Abstract: Some divergent experimental data have been reported on the swelling behavior of sodium montmorillonite. At water contents above 50 percent (based on the weight of dry clay) the basal reflection of sodium montmorillonite at 19.2 Å becomes weak and very diffuse; some workers have stated that it disappears altogether while others report a persistent weak line even at very high water content. The pronounced differences in physical properties of sodium and calcium montmorillonite suggest that their lattice expansions should also be dissimilar. This paper describes some X-ray diffraction experiments using purified lithium, sodium, and potassium montmorillonites dispersed in water and in salt solutions which were conducted for the purpose of resolving some of these disputed points. The X-ray diffraction instrument employed was a General Electric geiger counter spectrometer unit with a copper tube and nickel filters. The knowledge thus gained has provided some insight into other properties of these clays, such as their rheological behavior.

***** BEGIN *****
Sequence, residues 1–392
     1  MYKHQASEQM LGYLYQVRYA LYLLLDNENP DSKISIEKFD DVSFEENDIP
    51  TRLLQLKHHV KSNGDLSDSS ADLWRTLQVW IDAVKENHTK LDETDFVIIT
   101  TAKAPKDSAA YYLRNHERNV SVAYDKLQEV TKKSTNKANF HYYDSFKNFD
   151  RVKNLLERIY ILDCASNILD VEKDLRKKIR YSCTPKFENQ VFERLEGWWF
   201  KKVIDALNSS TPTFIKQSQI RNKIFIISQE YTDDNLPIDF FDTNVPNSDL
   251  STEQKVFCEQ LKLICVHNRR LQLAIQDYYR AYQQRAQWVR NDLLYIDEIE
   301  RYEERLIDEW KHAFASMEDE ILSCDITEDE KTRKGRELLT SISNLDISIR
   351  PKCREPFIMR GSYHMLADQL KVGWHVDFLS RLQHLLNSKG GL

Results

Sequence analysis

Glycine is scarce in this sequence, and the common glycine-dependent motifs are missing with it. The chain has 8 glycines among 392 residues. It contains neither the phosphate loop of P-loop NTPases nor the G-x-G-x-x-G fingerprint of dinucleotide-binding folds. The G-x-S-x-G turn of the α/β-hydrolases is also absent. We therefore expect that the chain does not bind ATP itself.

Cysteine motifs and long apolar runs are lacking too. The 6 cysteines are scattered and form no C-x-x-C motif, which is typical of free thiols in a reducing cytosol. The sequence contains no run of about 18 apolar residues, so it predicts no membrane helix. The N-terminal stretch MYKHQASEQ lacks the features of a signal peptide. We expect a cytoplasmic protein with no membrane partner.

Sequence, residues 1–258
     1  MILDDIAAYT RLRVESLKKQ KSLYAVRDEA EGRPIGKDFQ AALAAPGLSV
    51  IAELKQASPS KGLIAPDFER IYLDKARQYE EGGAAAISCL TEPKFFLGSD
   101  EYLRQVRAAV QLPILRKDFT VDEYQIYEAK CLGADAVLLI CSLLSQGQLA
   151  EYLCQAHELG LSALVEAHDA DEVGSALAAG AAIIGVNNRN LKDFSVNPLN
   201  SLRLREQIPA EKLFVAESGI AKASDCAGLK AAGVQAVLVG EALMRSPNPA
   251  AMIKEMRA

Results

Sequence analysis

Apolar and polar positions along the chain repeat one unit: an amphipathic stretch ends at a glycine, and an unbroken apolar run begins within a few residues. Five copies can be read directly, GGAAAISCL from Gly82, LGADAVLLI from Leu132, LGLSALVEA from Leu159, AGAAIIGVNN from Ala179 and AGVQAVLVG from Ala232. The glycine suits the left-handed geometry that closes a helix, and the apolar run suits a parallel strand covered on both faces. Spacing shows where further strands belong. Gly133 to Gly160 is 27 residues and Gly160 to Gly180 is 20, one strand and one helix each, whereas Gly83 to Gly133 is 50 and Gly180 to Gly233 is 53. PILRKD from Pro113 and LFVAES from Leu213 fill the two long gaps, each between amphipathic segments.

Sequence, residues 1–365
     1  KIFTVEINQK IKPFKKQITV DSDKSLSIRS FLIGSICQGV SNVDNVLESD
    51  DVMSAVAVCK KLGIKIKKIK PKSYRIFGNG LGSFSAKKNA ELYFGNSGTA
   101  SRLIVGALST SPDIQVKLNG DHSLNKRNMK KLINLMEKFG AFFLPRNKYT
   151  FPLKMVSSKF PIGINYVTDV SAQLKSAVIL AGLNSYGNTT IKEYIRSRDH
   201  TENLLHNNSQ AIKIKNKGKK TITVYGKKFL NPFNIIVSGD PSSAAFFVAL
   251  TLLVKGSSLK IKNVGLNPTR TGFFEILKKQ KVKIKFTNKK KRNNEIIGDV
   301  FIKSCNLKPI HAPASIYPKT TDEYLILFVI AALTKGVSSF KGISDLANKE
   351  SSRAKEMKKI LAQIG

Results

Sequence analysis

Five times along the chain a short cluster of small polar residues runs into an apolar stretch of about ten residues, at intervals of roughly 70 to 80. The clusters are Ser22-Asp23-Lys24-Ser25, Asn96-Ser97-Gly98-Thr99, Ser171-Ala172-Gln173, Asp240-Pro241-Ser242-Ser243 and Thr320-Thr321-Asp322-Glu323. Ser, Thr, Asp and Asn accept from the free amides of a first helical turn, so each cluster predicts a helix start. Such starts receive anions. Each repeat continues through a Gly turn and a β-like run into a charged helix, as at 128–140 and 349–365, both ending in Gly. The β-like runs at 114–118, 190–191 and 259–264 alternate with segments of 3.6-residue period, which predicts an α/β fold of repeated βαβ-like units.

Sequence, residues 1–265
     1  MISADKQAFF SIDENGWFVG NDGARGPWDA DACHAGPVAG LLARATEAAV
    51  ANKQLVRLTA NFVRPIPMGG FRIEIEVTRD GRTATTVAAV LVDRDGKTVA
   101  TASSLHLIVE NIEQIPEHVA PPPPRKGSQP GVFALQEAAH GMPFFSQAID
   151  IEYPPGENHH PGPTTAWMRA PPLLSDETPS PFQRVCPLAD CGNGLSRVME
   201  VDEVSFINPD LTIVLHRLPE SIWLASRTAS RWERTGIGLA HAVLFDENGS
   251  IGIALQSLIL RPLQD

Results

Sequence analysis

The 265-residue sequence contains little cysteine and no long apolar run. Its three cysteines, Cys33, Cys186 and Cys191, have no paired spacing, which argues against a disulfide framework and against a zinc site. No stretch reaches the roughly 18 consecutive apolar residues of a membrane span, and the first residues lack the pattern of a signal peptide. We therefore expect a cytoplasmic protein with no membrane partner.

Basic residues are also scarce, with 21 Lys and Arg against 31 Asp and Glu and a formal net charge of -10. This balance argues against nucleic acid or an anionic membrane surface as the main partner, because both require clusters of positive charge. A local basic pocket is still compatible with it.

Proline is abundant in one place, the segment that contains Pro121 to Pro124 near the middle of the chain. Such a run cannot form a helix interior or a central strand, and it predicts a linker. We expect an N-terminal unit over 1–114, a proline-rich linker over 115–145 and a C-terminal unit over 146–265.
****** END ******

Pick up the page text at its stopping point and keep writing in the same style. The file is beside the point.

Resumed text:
A recording Couette-type viscometer designed to provide a wide spectrum of shear rates and shearing stresses has been used to examine the rheological transformations which occur in passing from states of maximum dispersion to states of varying degrees of agglomeration as a result of interactions between LiCl, NaCl, KCl, and CaCl2, and the Li, Na, K, and Ca salts of montmorillonite in terms of certain ideal rheological models. Filtration characteristics of these systems have also been explored using a standard technique.